Swallow Trailer

Rating Breakdown

  • Direction
  • Acting 3.0
  • Dialogue 3.0
  • Screen Play 4.0
  • Visuals 3.0

Where to watch :

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PG - Drama | October 1, 2021 Storyline:

Popular singer Niyola plays Tolani, a young woman in 1980s Lagos, Nigeria, who becomes involved in smuggling with a friend of hers. 

  • 3.2
  • Users Rating 0 (0 Votes)
AllNews Review
Reviewed by Sydney Elike - October 1, 2021

Kunle Afolayan improves with each new film he creates; with Swallow, he weaves an engrossing tale about a woman who is forced into what she abhors when her world begins crashing down.

Starring popular singer Niyola, this drama captures the experiences of two friends living in Lagos in 1985. While Niyola's Tolani is a reserved woman who just wants to make a name for herself, her friend Rose (played by the talented Ijeoma Grace Agu) is a wild and adventurous lady who believes in taking advantage of every opportunity.

When Tolani's only source of income is cut off, thanks to her womanizing boss, she dares to venture into the world of drug peddling to survive.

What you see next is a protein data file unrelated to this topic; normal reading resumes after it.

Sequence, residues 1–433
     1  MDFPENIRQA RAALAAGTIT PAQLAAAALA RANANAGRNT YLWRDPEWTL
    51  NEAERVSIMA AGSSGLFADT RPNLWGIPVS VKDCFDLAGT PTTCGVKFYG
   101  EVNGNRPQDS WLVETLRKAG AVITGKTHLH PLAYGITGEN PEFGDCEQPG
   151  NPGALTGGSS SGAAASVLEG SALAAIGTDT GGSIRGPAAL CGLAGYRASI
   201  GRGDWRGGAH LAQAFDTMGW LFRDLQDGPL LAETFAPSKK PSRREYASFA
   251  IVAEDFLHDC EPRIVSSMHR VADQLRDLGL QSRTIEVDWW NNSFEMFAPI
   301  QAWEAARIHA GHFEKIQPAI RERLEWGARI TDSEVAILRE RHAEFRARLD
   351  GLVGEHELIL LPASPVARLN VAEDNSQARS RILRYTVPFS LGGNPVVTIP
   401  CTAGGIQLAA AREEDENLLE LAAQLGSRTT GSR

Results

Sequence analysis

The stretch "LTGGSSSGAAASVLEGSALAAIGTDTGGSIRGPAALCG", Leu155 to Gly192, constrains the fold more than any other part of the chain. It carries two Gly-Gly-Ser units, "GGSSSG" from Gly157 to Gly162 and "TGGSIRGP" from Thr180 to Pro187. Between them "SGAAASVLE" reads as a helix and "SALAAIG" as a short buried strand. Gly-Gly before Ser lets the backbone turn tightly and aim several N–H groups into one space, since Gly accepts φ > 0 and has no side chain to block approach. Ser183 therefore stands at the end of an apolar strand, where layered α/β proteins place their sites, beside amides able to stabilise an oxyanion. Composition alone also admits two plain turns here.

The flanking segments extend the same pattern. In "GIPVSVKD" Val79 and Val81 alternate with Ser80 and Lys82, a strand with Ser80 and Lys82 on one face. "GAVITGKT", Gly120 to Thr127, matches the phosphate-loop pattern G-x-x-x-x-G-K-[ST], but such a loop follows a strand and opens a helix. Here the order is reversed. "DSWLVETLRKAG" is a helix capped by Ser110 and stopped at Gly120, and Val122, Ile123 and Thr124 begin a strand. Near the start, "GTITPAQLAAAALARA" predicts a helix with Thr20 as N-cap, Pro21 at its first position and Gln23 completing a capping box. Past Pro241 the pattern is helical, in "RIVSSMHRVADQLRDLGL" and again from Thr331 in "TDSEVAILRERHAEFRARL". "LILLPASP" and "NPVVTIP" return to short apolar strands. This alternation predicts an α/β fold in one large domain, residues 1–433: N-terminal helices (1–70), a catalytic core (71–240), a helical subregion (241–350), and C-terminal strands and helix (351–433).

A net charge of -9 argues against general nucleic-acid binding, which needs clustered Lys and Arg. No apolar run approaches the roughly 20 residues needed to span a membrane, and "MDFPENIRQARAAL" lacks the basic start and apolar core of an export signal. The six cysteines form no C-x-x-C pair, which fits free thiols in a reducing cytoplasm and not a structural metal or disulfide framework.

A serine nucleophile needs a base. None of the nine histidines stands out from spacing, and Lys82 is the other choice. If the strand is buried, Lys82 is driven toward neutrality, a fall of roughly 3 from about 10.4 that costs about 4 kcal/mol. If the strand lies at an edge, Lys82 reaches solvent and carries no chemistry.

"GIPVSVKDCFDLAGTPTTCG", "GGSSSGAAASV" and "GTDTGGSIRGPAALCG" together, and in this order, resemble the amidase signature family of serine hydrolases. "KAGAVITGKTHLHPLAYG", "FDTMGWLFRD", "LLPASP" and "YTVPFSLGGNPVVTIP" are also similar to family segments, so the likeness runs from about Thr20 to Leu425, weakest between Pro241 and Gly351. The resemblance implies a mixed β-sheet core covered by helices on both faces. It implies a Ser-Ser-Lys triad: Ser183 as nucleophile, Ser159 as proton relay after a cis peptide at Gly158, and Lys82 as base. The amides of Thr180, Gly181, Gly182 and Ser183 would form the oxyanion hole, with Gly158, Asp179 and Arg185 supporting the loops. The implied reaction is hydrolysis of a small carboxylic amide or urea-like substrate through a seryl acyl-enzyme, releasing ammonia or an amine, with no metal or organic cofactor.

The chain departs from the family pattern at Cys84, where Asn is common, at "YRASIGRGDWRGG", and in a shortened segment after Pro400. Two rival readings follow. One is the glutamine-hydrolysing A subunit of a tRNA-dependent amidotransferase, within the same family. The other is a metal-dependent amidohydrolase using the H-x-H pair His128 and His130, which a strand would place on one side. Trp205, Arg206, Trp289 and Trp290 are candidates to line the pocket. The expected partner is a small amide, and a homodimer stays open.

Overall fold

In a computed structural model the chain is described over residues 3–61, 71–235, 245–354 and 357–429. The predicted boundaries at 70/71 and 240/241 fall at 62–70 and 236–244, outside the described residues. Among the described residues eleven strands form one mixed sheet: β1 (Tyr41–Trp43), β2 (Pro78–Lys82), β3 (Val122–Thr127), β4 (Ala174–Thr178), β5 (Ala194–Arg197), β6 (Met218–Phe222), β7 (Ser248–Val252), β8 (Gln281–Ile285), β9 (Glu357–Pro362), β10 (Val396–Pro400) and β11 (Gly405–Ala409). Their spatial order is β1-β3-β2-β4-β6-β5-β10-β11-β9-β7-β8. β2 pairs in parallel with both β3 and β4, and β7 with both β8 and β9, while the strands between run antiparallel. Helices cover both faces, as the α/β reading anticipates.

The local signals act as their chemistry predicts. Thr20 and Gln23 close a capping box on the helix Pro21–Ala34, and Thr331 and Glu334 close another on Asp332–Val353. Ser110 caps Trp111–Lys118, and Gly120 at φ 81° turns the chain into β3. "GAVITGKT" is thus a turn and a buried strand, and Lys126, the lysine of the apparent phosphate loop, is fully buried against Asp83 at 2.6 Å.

The film is based on Sefi Atta's novel of the same name (the writer co-wrote the script alongside the director). I haven't read the book but the film got me hooked from start to finish.

When it really comes down to it, there is really nothing particularly outstanding about this movie. But it is its simplicity in presentation and execution that makes its message unmistakeably clear.

If I'm not mistaken, this is Niyola's film debut and in portraying the lead character, she gives a commendable performance. Her acting is quite convincing even though she could have done better in some scenes.

While Tolani is the protagonist, I daresay another character ended up stealing the show here. That person is none other than her friend Rose.

As Rose, the actress known as Ijeoma Grace Agu is simply amazing. With every scene, every line spoken, and every action taken, the viewer can't help but get enthralled by her. For me, she is the real MVP and I just wanted to keep seeing her do her thing.

Apart from a few lapses in one or two scenes where the 1980s setting wasn't properly depicted, I didn't quite see any major faults in this film.

The cinematography is an obvious improvement from Afolayan's previous films, the costumes are acceptable for the period the movie portrays, and the camera shots and angles are perfect.

Another thing I would love to point out is the prominent use of the Yoruba language and its cultural influence as seen in the advice given to the heroine by her father in flashback scenes. I can't say how much I love seeing this as it helps promote our cultural heritage to the rest of the world. 

Nollywood films are still not where I want them to be when compared with some of the great works from Hollywood and others but with Swallow, Afolayan shows that we are getting there.


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